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PIE gHaido- = Semitic gady = Germanic kiDjam?

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  • Joao S. Lopes
    Is it possible a relationship between PGermanic *gaitaz goat (cf. Latin haedus, pointing to Western IE *gHaidos) and PGerm *kiDjam, kitti:n kid (pointing
    Message 1 of 3 , Jul 1 6:58 AM
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      Is it possible a relationship between PGermanic *gaitaz "goat" (cf. Latin haedus, pointing to Western IE *gHaidos) and PGerm *kiDjam, kitti:n "kid" (pointing to IE *gidH-). I've already read that IE gHaido was from Semitic gady. Maybe *gHaido and *gidH- may represent two divergent borrowings from a common source. What do you think?

      JS Lopes



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    • Patrick Ryan
      Patrick: Joao, in my opinion, Semitic *gady would correspond to PIE *ghad(h)y-. Semitic *gaid- would correspond to PIE *ghaid(h)-; if *ghaid-, this can be
      Message 2 of 3 , Jul 1 10:27 AM
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        Patrick:
         
        Joao, in my opinion, Semitic *gady would correspond to PIE *ghad(h)y-.
         
        Semitic *gaid- would correspond to PIE *ghaid(h)-; if *ghaid-, this can be related to the PIE for 'goat' ('hairy body').
         
        I think two divergent borrowings quite unlikely.
         
        If PIE *gidh- exists in Semitic, it would have the form *k-y-d-.
         
         
        ***
         
         
         
        ----- Original Message -----
        Sent: Tuesday, July 01, 2008 8:58 AM
        Subject: [tied] PIE gHaido- = Semitic gady = Germanic kiDjam?

        Is it possible a relationship between PGermanic *gaitaz "goat" (cf. Latin haedus, pointing to Western IE *gHaidos) and PGerm *kiDjam, kitti:n "kid" (pointing to IE *gidH-). I've already read that IE gHaido was from Semitic gady. Maybe *gHaido and *gidH- may represent two divergent borrowings from a common source. What do you think?

        JS Lopes

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      • tgpedersen
        ... Latin haedus, pointing to Western IE *gHaidos) and PGerm *kiDjam, kitti:n kid (pointing to IE *gidH-). I ve already read that IE gHaido was from Semitic
        Message 3 of 3 , Jul 1 11:31 AM
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          --- In cybalist@yahoogroups.com, "Joao S. Lopes" <josimo70@...> wrote:
          >
          > Is it possible a relationship between PGermanic *gaitaz "goat" (cf.
          Latin haedus, pointing to Western IE *gHaidos) and PGerm *kiDjam,
          kitti:n "kid" (pointing to IE *gidH-). I've already read that IE
          gHaido was from Semitic gady. Maybe *gHaido and *gidH- may represent
          two divergent borrowings from a common source. What do you think?
          >

          Møller, VISW
          '2k-g^- 'haedus'
          (< PPIE g-G^.- : g-g^-, orig. reduplication formation),
          Latv. kaza OBulg. koza: 'capra', kozIlU 'caper, hireus',
          MLG ho:ken OE he:cen 'haedus',
          :
          Semit. g-d- (d < PPSem. g^),
          + y-
          Arab. gadyuN neuarab. gedi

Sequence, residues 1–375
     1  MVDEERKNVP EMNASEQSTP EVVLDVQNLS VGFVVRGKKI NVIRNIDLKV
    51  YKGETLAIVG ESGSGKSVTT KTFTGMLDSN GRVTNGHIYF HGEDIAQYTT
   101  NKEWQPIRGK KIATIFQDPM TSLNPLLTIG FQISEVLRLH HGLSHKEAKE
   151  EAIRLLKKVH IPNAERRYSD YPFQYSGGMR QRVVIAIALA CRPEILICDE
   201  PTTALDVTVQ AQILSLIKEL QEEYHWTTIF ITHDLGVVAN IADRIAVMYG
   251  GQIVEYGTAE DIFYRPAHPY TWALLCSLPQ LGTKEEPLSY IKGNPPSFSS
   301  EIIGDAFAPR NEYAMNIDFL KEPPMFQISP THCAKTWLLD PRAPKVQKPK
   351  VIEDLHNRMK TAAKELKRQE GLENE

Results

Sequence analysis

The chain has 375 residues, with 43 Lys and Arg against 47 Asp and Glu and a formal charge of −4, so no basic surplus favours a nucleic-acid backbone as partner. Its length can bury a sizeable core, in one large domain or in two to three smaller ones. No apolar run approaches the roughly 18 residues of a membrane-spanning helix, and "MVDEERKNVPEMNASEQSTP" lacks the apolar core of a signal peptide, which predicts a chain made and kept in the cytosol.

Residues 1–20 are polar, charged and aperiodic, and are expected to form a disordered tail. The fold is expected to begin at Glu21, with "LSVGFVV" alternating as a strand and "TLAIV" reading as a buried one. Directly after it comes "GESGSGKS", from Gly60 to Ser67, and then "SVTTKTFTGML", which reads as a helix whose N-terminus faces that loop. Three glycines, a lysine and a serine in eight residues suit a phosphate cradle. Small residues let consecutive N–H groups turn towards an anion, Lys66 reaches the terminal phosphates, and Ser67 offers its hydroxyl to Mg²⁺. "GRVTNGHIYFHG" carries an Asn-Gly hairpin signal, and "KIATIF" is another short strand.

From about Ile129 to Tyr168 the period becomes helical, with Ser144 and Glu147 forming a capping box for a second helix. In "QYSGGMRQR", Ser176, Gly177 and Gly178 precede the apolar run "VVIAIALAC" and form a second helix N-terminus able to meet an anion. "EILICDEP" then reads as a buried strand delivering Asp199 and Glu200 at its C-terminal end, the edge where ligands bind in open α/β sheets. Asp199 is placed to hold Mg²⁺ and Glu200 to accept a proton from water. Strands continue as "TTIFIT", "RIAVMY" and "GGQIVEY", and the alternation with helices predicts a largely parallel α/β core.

Aram. gaðya: syr. gaðyå: hebr. geði: assyr. gadu: 'haedus'.
          (If Semit. g-d- < orig. g-d-, not PPSemit. g-g^-,
          it corresponds to PIE k-t-,
          ON haðna MHG hatele 'capra, haedus'.)'

          If we, unlike Møller, believe that the relation is one of loan (from
          some third language to Sem. and IE?), not common descent, we can get
          around the last objection by proposing that *g-g^- > *g-d- took place
          dialectally in that language.

          On 'kid':
          DEO mentions MIr cit "sheep", Alb kíth "small buck",
          PGmc *kitt-i:na > OHG kizzin:n, but calls it a calling name,
          spontaneosly formed several places (they have to, since DEO doesn't
          know of any NWB), or perhaps metathesis, *ti-ki > *ki-ti-), PIE *digh-
          "goat" > PGmc *ti:Go:n- (> OHG ziga, German Ziege"), hypochoristically
          (there's that 'expressive' again) geminated > *tikki:na, OHG zicki:n,
          zicchi:, Sw.dial. ticka "female goat or sheep", Nw.dial. tikka "sheep".

          Ernout-Meillet
          'catulus, -ī m.: petit (d'un animal); puis rattaché, comme on l'a vu,
          à canis, e.g. Varr.L.L.9,74, canis, catulus, catellus; a désigné
          spécialement le "petit chien". Ancien, usuel.
          Dérivés:
          catulio:, -i:re: avoir envie de faire des petits, cf. equi:re, suri:re ;
          catuli:nus (catuli:na caro: "viande de chien");
          catulaster, m. terme d'amitié ou de tendresse.
          Catulus, catellus sont demeurés dans les langues romanes, en des
          acceptions diverses, cf. M.L.1771 et 1763.
          Cf. aussi le nom propre Catullus et sans doute Catilīna (Niedermann,
          Mnemosyne, 3e sér., 3 (1936), p.276 ) qui serait la forme phonétique
          de catuli:nus.
          Ombr. katel (acc.sg. katlu) "catulus". Seul rapprochement net.
          En dehors de cela, on peut penser au groupe à consonne géminée
          intérieure de irl. catt, qui désigne un petit animal (v. cattus) et à
          des mots qui évoquent l'idée de jeunes animaux:
          serbe kotiti "faire des petits", etc.;
          cf.Osthoff, Et. Parerga, I p.250; tout ceci en l'air.'

          This partially matches Møller's 'ON haðna MHG hatele "capra, haedus"'

          'kid' from PIE *gheid- "goat" corresponds to 'tit' from PIE *dhei-
          (redupl.?)




          Torsten
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